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Edmond Jones born into Slavery in 1834 in Virginia, both of Edmond's parents was slaves in Virginia and both were born in Virginia. Edmond was sold at the age 17 to the State of Alabama to the Jones plantation. he married Peggy Jackson, she was born  into Slavery in1842 in the State of Alabama. she was one half Cherokee Indian, part Jamaican and African American, grandma Peggy's Ancestors came from Jamaica.
 
Peggy was taken from her family at an early age and sold at a public auction in the State of Alabama. Peggy was used as a household servant.
 
family members like cousin Norman smith and his sister Beatrice lamar, said that grandma Peggy would always tell them and their siblings about slavery.
 
Norman said that grandma Peggy said that she met her husband Edmond Jones at a plantation function. That's  when slaves come together and fellowship with one another, and she says how Edmond would tell how the slave master would beat them for no reason.
 
 The slave master was so mean to the slaves, grandma Peggy said Edmond always had trouble with his body.  Edmond also was a soldier in the third colored troop in 1861.

Grandma Peggy alway's knew how to care for her children when ever they was sick,  she would go to the woods for herbs to make them well.
 

To the union of Edmond and Peggy Jackson Jones was born Laura Jones Saint Aubin Davis, Matty Jones Brown,  Wyatt[known as Walter], Lousia Jones Washington, Emma Jones Bates, Edmond Jr., Joesph C., John [known as Uncle Buddie], Isabella Jones, Edna Jones Howard smith, Edmond and Peggy raised their family in Sumter, Livingston Alabama.
 
John Jones daughter LuLa Bell Jones Prince said Edmond died at a moderate age defending his wife from two Caucasian men, she got this from Edmond Jr. who lived with her parents when she was young. they took Edmond killed him and burn him up and than barried him. Peggy and her son Edmond Jr. saw this happen, they couldn't tell any one for being afraid for their lives .
     
 Peggy relocated back to Toomsuba Mississippi,the old home place. peggy would move in with her daughter Edna Jones Howard Smith. Peggy Jackson Jones lived to be 100 yrs.old.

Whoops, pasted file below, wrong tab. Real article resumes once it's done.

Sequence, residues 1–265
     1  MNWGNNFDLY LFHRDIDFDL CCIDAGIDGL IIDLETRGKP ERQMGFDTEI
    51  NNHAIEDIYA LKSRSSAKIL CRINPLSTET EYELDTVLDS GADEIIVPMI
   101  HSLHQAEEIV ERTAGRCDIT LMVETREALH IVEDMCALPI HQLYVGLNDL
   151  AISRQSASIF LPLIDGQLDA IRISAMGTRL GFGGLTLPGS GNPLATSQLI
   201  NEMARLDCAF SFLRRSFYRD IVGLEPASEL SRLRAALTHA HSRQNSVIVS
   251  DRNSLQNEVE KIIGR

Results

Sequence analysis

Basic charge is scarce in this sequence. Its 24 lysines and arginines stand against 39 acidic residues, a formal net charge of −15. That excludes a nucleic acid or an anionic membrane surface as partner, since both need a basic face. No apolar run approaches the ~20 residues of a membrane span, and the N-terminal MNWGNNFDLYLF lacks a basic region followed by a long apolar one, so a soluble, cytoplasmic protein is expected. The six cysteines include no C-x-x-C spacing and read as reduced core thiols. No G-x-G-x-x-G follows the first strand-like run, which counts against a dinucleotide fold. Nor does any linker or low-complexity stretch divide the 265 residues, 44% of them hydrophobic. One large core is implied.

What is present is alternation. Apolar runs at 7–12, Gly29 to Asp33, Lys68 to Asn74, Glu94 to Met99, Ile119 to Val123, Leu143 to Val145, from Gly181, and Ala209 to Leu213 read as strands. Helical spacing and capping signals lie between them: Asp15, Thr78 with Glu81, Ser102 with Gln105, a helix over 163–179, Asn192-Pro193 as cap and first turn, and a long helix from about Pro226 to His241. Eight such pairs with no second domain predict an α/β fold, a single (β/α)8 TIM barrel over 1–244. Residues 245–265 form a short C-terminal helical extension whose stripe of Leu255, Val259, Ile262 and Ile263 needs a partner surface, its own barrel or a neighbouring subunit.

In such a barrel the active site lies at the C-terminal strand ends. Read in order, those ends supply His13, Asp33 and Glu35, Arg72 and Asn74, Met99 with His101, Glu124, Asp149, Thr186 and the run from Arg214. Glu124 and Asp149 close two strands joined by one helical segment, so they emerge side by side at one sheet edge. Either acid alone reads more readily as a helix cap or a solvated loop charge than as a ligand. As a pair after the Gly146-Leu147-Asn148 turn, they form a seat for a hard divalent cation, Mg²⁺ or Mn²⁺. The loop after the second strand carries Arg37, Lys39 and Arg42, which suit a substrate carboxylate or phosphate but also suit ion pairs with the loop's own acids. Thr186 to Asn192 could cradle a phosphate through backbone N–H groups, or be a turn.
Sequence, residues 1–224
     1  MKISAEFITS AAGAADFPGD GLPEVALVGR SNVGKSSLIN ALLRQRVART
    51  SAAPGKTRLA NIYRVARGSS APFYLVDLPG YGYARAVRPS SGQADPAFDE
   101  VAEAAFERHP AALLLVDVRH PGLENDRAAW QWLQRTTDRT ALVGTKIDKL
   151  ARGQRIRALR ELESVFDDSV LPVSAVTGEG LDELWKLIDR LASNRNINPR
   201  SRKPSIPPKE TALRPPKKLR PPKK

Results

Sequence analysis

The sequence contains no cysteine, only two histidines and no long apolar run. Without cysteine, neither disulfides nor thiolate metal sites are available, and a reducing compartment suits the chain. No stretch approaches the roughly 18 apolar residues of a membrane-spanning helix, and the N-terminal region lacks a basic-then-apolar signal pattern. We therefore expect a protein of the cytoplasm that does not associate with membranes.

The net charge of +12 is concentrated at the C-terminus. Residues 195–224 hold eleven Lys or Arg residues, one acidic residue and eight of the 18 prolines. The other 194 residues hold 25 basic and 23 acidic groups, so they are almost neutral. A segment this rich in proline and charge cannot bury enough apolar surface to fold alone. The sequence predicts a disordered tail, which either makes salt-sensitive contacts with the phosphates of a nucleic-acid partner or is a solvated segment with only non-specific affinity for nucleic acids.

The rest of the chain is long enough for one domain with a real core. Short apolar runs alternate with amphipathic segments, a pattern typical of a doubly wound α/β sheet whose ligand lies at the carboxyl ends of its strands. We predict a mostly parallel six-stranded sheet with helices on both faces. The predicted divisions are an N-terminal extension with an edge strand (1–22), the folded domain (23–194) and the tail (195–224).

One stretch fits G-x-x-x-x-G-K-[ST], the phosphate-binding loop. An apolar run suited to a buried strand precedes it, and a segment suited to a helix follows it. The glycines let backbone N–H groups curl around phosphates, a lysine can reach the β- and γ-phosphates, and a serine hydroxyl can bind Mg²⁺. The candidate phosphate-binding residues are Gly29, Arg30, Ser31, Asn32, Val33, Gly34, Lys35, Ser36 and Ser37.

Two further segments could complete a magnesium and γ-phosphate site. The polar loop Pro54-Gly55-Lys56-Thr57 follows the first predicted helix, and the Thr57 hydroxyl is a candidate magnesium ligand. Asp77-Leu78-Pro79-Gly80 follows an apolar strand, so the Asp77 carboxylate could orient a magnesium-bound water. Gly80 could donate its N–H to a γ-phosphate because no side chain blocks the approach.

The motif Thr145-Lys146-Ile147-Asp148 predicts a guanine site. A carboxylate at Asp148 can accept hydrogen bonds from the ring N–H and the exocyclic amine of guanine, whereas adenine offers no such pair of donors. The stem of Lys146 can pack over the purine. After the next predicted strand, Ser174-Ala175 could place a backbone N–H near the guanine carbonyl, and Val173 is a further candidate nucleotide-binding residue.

Living Life as Slaves
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  in the 1800s

East African slaves taken aboard slave ship.


 

The Ojays Ship Ahoy


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Artist rendition of a slave ship
 
Crew and captives alike were reduced to a brutish state during the crossing, all exposed to disease and death. The total disregard for human life is described in a report to the British House of Commons:
 
The Negroes were chained to each other hand and foot, and stowed so close that they were not allowed above a foot and a half for each in breadth. Thus rammed…like herring in a barrel, they contracted…fatal disorders; so that they who came to inspect them in the morning had…to pick up dead slaves out of their rows, and to unchain…[them] from the bodies of their wretched fellow-suffers….
 
Quoted in Louise Daniel Hutchinson, Out of Africa,
 



 
SLAVERY WAS A HORRIBLE INSTITUTION...not a kind favor to Blacks.
 
  
The FOUNDERS even put a clause in the original national CONSTITUTION ...proclaiming Black slaves as 3/5 of human. It has been reported by researchers that Washington and Jefferson had children by Black slave women -- and still did not seek to fight against this horrible institution, which put their own children in bondage.
 
 
 

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slaves coming from Africa
 

Strange Fruit


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Confederate bill
 

Slave Auction
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When our ancestors and other slaves finally got off the ship ,they find themselves on a stand. they see people holding money and shouting something. Imagine your self as one of the ancestors, you wondering why they’re shouting numbers, but what for? Is something for sale? You look around and see nothing. When you finally find out that YOU were getting sold, you’re getting taken away. You are a slave now following commands living a miserable life.we thank God for the ancestors who have lead the way.